7 fruits experts say you should eat each week for better health
An apple a day might keep the doctor away, but experts say you need more kinds of fruit than that to maintain good health.
According to an article in Eating Well, consuming a variety of fruits each week can lead to a healthier gut, which can "improve heart health, boost immunity and even benefit mental health." Here are seven fruits, shown through studies and experts, you need to add to your weekly menu.
Apples are an excellent source of fiber, both soluble and insoluble. Soluble fiber helps food move more quickly through your digestive tract, and insoluble fiber "helps to bulk up stool" so it's easier to go to the bathroom.
In addition, Lon Ben-Asher, M.S., RD, LD/N and a nutritionist at Pritikin Longevity Center, told Eating Well, "Apples have many anti-inflammatory and antioxidant properties that have been shown to reduce the risk of many chronic diseases such as cardiovascular disease, diabetes, and cancer due to the polyphenolic compounds."
According to Ben-Asher: "Avocados are rich in fat-soluble vitamins, such as vitamin E and K, which help support healthy skin, hair, nails and cell membrane permeability, as well as water-soluble vitamins such as vitamin C, and many B-vitamins that help support the immune system and ocular health. They are also great sources of healthy, polyunsaturated omega-3 fats and monounsaturated fats, which are used to replace saturated fats, have been shown to reduce cardiovascular disease and improve blood sugar control."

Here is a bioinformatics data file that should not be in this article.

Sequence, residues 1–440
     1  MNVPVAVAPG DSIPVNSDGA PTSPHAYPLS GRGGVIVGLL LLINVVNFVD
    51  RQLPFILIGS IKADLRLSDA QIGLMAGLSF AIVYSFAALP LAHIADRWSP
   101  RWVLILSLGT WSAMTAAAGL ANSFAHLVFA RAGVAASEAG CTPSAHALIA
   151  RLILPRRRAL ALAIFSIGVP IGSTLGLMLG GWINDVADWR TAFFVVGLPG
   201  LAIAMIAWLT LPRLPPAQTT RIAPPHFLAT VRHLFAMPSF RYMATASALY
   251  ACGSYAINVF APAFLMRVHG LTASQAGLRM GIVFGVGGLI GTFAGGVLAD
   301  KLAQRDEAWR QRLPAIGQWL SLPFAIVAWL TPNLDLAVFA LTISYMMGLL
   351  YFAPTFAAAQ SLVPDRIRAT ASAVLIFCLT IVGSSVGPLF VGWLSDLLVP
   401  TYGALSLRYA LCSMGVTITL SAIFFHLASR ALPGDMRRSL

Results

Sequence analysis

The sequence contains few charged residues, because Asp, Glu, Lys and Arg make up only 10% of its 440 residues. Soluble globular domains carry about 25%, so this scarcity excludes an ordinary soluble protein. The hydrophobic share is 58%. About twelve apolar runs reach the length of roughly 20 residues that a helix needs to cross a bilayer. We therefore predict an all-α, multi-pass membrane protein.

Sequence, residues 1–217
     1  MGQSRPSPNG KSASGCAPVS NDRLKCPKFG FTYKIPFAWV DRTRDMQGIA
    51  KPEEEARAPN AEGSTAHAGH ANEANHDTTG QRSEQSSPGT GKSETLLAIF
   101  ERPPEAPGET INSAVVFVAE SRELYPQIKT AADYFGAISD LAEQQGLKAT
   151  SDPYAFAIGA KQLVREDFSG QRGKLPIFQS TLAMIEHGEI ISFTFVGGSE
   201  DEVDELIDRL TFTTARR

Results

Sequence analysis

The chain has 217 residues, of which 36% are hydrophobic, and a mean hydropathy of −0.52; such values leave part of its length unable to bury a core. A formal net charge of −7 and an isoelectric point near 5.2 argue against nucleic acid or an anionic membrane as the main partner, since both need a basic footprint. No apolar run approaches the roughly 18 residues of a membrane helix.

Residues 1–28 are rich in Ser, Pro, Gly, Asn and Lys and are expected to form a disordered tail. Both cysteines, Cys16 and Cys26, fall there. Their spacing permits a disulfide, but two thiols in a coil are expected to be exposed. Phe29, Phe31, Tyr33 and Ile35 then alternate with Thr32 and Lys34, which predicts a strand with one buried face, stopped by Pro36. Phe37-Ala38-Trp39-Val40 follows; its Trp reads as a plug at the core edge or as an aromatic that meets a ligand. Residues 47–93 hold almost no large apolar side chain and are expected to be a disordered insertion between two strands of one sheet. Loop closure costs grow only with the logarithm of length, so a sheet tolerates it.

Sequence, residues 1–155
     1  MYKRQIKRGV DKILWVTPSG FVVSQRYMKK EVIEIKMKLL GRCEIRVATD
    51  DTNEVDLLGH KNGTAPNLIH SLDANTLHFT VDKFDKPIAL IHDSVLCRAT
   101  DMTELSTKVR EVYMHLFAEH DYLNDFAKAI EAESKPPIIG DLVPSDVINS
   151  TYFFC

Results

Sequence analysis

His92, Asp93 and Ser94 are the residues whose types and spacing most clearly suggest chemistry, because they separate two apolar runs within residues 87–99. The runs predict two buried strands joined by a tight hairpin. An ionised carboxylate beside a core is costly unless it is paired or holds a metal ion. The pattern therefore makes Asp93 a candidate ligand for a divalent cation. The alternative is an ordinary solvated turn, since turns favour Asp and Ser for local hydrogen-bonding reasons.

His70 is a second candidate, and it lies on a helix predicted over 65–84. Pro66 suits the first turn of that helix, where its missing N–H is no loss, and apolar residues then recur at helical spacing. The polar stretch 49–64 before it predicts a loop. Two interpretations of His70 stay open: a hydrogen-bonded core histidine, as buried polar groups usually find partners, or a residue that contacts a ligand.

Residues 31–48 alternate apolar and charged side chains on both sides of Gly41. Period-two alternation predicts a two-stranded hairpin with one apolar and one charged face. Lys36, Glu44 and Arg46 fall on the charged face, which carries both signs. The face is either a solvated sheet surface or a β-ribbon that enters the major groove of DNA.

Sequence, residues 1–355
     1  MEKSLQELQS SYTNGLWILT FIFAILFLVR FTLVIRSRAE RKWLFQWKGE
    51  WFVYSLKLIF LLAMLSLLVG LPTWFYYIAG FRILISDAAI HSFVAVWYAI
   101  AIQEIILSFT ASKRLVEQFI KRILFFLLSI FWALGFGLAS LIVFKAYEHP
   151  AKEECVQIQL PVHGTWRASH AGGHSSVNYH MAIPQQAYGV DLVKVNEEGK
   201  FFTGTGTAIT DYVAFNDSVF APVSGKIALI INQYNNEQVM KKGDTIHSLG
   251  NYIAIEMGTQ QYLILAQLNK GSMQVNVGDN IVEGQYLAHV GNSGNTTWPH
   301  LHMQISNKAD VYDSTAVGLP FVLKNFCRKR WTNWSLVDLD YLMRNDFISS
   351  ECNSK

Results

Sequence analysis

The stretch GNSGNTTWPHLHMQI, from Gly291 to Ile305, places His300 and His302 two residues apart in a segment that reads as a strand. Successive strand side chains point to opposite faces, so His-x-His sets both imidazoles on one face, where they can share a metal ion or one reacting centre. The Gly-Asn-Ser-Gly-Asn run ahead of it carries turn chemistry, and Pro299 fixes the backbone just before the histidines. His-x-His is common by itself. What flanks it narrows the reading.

"Bananas are high in dietary fiber, which helps keep food in your stomach longer, reducing hunger and keeping you satiated, thus contributing to better weight management and reduced risk of obesity," Ben-Asher said.
In addition, they may improve blood sugar levels, support heart health because they're high in potassium, improve kidney health and support exercise recovery, according to Healthline.
"Throughout history, people have used blackberry fruits, leaves and brambles to heal a wide range of illnesses," Julia Zumpano, RD, told the Cleveland Clinic. "Though modern medicine has replaced these medicinal uses, we're learning that blackberries have many other health benefits."
They are a rich source of antioxidants, manganese, copper, vitamin A, vitamin E and vitamin K. These nutrients can reduce inflammation, prevent cardiovacular disease and cancer, and improve brain function.
Blueberries are delicious fresh, frozen and in recipes. They contain a plant compound called anthocyanin, which is a flavonoid that can have an antioxidant effect.
"Blueberries are a nutritional powerhouse," Ben-Asher told Eating Well. Just 1 cup provides 24% of your recommended daily allowance of vitamin C.
In addition, the small, blue fruit has been shown to protect against heart disease and cancer, and can also help maintain bone strength, mental health, and healthful blood pressure, according to Medical News Today.
Most people equate vitamin C with oranges, but that's not the only benefit you get from the pulpy fruit. They also full of potassium, iron, calcium, vitamin E and numerous B vitamins, Eating Well reported. The pulp also contains polyphenol, which can help to protect cells from damage, according to a study in PLOS One.
Prunes are often recommended for those with digestive problems, but they are also high in vitamin K, which can promote blood clotting and bone building. Although prunes and plums contain the same vitamins and minerals, prunes can be eaten up to a year after being stored in the refrigerator in a sealed container, according to WebMD.
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